Gausman sympathized with the teachers, saying it will be a "challenge" financially for them. But the superintendent pointed out the district is making a substantial concession to the unionized teachers by keeping them on the master salary schedule, where instructors get so-called lane and step additions to pay, depending upon years taught and advanced college degrees. With the changes to Iowa's collective bargaining law last year, many school districts no longer recognized the prior longstanding salary schedules, he noted.

The collective bargaining law now limits mandatory items of negotiation to base salaries for most public employees. An exception is made for unions for public safety workers, who are still allowed to negotiate for both wages and benefits.

Brenda Zahner, director of the Siouxland UniServ group of the Iowa State Education Association, which represents Sioux City teachers, said the extra duty pay comes for tasks covering one period in the eight-period schedule in the six middle and high schools.

"They are not extra courses, simply courses that already exist," Zahner said. "The extra pay comes about because the enrollment in the courses exceeds what there is room for in the schedule. A teacher who can teach the needed class gives up his or her planning period to teach that additional section. What they’re proposing is that all 296 of these teachers will still have to teach these classes, they’ll just have to do it without the additional pay."

Contract negotiations between the two sides are continuing in private sessions.

At Monday's school board meeting, several members of the public spoke out against the proposed cut in supplemental pay, and noted teachers were being unfairly singled out.

"I have not heard of any cuts at the administrative level," Julie Fischer of Sioux City said.

Gausman said he understands there are no good budget-cutting scenarios in a frustrating process.

"We are down to this bad, or this bad, or this bad decision to make," Gausman said, later adding, "It is bad for morale."

Iowa school districts must set their fiscal 2019 budgets by April 15. The Sioux City School Board is expected to discuss the budget again at its March 26 meeting and then formally adopt the plan at its April 9 meeting.


Briefs
Sister Miriam James Heidland named keynote speaker for Bishop's Dinner

SIOUX CITY | Sister Miriam James Heidland of the Society of Our Lady of the Most Holy Trinity will be the keynote speaker for the 22nd annual Bishop's Dinner for Catholic Schools, the Diocese of Sioux City said Monday.

The dinner will be held Oct. 21 at the Sioux City Convention Center. 

Heidland joined the Society of Our Lady of the Most Holy Trinity after graduating from the University of Nevada-Reno. The society is a missionary community serving global areas. She is known for speaking on the topics of healing, forgiveness, conversion, sports, beauty and authentic love. Her story has been featured by several media outlets.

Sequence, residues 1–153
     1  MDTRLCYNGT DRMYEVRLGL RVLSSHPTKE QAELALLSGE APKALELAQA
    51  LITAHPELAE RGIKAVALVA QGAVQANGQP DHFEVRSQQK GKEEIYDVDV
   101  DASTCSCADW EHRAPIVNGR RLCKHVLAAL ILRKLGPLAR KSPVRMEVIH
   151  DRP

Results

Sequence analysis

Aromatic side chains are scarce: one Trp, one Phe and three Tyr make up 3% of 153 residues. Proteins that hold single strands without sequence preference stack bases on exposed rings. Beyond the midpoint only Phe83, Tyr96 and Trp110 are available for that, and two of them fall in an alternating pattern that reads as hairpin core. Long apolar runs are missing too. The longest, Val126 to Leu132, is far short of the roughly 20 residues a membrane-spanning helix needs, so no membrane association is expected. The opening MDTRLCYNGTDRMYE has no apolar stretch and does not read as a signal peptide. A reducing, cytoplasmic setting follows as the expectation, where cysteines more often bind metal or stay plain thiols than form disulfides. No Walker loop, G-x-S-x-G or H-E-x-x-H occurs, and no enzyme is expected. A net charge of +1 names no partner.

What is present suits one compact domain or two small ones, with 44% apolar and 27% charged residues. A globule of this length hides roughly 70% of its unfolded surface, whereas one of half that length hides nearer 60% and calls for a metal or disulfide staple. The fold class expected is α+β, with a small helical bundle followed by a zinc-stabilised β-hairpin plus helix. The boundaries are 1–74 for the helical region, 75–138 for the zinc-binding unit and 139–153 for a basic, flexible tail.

The Bishop's Dinner is the largest fundraiser for the 16 Catholic school systems throughout Northwest Iowa. All of the proceeds from the dinner are distributed back to the schools in the form of educational enhancement grants. 

Last year's speaker was Creighton University Coach Greg McDermott. The event raised $195,000. 

Tickets to the event go on sale Sept. 3 and can be purchased at scdiocese.org or by calling the diocese at 712-255-7933. 


Blankenship


Local
Teen dies from injuries sustained in Sunday apartment fire

SIOUX CITY -- A 16-year-old died a day after he was severely injured in a Sunday apartment fire in Sioux City. 

Misael Gonzales Velasquez died at the St. Elizabeth Burn and Wound Center in Lincoln, Nebraska, around 3 a.m. Monday, as a result of injuries he sustained at an apartment fire at 2008 Ingleside early Sunday morning. 

Fire crews responded to the apartment around 3:40 a.m. Sunday, and found one apartment engulfed in flames. Occupants were evacuated, but when Sioux City Fire Rescue entered the apartment as the fire was being extinguished, they found Velasquez still inside and removed him. 

He was transported to Mercy Medical Center with life-threatening injuries, and he was resuscitated at least two times before being stabilized and flown to Lincoln. There, he was treated for severe burns and smoke inhalation before he died. 

An investigation into the fire, which displaced some 13 people after the building was red-tagged by the city, is ongoing. No foul play is currently suspected, as the fire is believed to be accidental in nature.

Assistant Chief Dan Cougill said the cause of the fire is known, but will not be released until the Fire Marshal has made a conclusive determination. 

The building itself is likely not a total loss, Cougill said, adding that a restoration company had already arrived at the building on Monday. 


Crime-and-courts
MUGSHOT: Siouxland woman sought by Fugitive Task Force

Johme

Update: Johme was arrested on March 16.


The U.S. Marshals Service Northern Iowa Fugitive Task Force is seeking the public's assistance in locating the following person:

* Amber Johme, 26. Johme is 5 feet 4 inches tall and 180 pounds. She is wanted by the Iowa Department of Corrections for parole violation. Johme was on parole for felony possession of methamphetamine. She has numerous tattoos including a rosary on her right wrist and hand.

Anyone with information can call the Northern Iowa Fugitive Task Force at 712-252-0211, email siouxlands.mostwanted@usdoj.gov or text the keyword TEN99 and the tip to tip411 (847411).


Moore


KKaufman / Provided 

Capron


Zahner


Gausman